Contributed by Brian Krieger, North American VP of Sales & Global Marketing Manager, EIS- Engineered Inserts & Systems Inc.
Since the inception of hydraulic systems engineers were faced with challenges to permanently close off (seal) ends of cross drilled holes that created a pattern of flow for actuation. Due to the high pressures 3,000- 5,000 psi or greater, engineers had very limited options. Threaded plugs, welding, ball bearings, etc. were commonly used, some in conjunction with others to avoid leaks. These solutions often created more issues than it solved, such as larger manifolds, additional processes, added costs, extra weight, and more.
Expander or ball styles came first
Development started on a simple design — the first expander or ball style. This ball bearing inside of a machined “can or sleeve” plug body originated as a high-pressure permanent sealing option as a permanent leakproof seal. Customers sought a permanent, easy to machine and install alternative to the costly and often cross threaded, SAE style threaded plugs. The ball style plug simplified both the machining of the hole created to seal the end of the communication path (simple counterbore diameter +0.12 /-0.00) as well as ease the installation by simply pressing the ball to a specified distance assuring a leak proof high pressure permanent seal up to 6,250 psi (at a 3 to 1 safety factor) or 350 bar. Suitable for both low and high volume as well as adaptable to fully automated installations these ball style plugs have successfully sealed billions of holes.
The installation for low volume applications was done with a set tool and hammer or an arbor press, tapping or pressing the ball down into the sleeve until reaching its final desired position. In higher volume applications operators began to use air hammers to drive the ball into the sleeve, which sped up the installation but does have some disadvantages. Air hammers are very loud and if an operator slips off the ball while installing with air hammers, there is potential for damage to the surface of the manifold, causing scrap rate. The plugs design using a simplified counterbore hole permitted engineers to reduce the size of the applications, decreasing weight (mass), material (cost) and avoided cross threading and need for rework.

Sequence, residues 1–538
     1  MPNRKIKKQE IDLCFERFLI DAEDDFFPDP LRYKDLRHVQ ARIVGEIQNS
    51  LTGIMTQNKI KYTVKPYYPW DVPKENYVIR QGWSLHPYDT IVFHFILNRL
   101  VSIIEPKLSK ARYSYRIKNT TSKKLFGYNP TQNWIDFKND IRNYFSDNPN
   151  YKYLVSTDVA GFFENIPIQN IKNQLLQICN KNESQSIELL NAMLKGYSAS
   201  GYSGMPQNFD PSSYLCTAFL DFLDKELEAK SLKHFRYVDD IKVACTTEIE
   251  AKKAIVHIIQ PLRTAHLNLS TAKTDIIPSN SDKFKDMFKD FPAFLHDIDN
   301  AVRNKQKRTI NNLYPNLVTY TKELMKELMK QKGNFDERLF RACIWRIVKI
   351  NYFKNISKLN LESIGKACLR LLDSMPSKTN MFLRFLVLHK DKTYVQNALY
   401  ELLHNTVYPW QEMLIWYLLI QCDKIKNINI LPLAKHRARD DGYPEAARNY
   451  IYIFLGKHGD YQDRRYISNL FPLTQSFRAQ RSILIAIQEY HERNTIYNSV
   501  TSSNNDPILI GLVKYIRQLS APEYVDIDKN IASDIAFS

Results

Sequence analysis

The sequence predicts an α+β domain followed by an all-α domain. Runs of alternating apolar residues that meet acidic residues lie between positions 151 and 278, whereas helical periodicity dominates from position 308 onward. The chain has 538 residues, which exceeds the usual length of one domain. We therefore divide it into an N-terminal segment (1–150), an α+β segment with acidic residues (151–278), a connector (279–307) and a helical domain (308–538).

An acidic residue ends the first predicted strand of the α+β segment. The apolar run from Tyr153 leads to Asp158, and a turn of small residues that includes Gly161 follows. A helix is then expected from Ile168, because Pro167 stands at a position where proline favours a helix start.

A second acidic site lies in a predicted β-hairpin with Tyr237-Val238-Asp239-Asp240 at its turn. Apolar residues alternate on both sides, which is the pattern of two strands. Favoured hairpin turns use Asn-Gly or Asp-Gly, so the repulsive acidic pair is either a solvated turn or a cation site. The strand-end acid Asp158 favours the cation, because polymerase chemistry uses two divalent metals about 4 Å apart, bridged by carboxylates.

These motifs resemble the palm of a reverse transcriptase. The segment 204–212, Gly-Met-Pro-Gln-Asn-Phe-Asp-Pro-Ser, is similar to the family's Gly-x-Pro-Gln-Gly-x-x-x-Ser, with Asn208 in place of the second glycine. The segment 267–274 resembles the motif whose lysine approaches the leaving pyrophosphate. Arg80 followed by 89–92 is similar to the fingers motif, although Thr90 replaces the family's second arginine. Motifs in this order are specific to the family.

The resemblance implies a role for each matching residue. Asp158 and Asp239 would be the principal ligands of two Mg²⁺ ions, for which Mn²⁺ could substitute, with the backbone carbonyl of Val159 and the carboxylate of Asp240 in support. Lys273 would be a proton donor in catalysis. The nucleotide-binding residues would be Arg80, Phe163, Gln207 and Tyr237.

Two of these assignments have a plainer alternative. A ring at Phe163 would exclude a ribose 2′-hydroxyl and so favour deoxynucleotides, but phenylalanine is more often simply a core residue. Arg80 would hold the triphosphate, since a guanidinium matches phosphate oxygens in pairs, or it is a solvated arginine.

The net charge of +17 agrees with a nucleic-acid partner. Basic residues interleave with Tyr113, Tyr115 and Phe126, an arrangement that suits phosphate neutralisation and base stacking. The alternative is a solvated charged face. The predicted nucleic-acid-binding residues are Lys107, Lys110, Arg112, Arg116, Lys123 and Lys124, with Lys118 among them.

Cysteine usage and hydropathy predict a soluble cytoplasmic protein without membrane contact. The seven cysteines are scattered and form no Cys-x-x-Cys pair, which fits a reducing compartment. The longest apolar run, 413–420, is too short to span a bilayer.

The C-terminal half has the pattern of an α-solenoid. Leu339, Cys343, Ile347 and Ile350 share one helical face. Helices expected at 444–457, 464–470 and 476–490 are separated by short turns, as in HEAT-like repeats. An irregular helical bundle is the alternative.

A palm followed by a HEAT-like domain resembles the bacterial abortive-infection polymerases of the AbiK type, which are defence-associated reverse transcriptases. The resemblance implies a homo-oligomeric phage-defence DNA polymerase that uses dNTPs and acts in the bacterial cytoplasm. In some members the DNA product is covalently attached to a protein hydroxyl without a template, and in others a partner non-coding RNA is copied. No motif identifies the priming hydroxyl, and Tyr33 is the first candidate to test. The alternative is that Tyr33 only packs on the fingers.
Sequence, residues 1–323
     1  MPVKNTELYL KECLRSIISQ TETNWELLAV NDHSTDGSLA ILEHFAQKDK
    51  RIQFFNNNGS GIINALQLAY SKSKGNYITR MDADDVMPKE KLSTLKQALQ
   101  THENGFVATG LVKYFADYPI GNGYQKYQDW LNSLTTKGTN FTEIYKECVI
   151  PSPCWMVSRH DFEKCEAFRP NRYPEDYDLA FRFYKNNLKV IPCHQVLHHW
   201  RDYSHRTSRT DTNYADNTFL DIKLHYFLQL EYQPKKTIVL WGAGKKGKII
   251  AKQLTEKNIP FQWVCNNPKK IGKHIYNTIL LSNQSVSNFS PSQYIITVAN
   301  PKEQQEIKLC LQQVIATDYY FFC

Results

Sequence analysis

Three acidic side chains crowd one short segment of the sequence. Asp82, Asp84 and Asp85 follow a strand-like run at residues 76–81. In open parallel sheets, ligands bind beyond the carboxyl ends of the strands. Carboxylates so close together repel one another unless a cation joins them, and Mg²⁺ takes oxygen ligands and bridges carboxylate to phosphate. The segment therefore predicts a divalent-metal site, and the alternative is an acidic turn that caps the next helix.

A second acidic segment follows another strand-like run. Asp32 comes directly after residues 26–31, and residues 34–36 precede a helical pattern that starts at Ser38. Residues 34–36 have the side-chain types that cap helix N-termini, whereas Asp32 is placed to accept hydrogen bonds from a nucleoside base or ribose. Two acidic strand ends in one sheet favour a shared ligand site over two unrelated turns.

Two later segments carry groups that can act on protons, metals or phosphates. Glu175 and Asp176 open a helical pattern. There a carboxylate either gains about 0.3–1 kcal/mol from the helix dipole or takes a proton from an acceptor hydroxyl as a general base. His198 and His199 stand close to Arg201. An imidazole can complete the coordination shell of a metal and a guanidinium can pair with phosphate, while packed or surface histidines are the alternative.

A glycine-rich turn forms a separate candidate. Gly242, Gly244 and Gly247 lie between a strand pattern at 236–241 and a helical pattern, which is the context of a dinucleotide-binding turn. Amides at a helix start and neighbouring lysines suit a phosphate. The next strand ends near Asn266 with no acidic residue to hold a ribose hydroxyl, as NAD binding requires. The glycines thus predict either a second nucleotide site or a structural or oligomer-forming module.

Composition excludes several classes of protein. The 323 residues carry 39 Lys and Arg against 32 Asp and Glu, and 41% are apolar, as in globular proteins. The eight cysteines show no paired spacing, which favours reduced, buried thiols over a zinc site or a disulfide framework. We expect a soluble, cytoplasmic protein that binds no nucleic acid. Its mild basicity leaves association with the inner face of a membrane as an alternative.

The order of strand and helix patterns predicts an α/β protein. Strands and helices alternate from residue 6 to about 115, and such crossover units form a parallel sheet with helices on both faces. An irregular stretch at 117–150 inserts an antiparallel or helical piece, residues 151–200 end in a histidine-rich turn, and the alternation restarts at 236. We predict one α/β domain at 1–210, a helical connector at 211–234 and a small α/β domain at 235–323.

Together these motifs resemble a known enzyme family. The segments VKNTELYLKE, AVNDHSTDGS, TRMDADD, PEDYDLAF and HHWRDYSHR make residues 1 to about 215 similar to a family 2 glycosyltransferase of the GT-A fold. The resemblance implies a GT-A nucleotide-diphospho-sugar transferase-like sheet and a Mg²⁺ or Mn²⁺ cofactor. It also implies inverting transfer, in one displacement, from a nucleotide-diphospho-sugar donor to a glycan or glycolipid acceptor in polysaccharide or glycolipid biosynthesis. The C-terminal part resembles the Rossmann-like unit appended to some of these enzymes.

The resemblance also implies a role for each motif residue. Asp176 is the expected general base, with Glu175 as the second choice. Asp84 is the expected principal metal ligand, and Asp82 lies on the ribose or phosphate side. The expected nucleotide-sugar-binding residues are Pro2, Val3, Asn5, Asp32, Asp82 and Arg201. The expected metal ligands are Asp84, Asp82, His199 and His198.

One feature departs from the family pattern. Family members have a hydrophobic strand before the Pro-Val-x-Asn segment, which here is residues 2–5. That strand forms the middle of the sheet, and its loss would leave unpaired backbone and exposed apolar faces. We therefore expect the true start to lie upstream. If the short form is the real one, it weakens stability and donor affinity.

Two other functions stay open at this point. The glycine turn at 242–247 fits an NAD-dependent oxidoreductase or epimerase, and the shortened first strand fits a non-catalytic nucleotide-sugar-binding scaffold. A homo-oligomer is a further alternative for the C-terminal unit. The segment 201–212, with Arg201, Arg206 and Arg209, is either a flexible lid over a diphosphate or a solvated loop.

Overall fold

Additional increases in pressures as well as intricate designs required sealing experts to design an alternative to the ball style expanders. These ball style plugs ruled the sealing industry for many years until the invention of the rivet style expansion plugs in the late 1980s and early 1990s.
Rivet style plug improve on the design
Rivet style plugs simplified once again the machined hole, needing only a straight bore (+0.12mm/-0) to design these into applications, often resulting in a smaller plug being needed to seal. In addition to the design simplification, the rivet style plugs introduced a hydro-pneumatic installation tool to secure the proper installation of the expander. This introduction virtually eliminated any potential operator error by relying on the tool to break the plug versus an operator pressing the ball to the proper depth.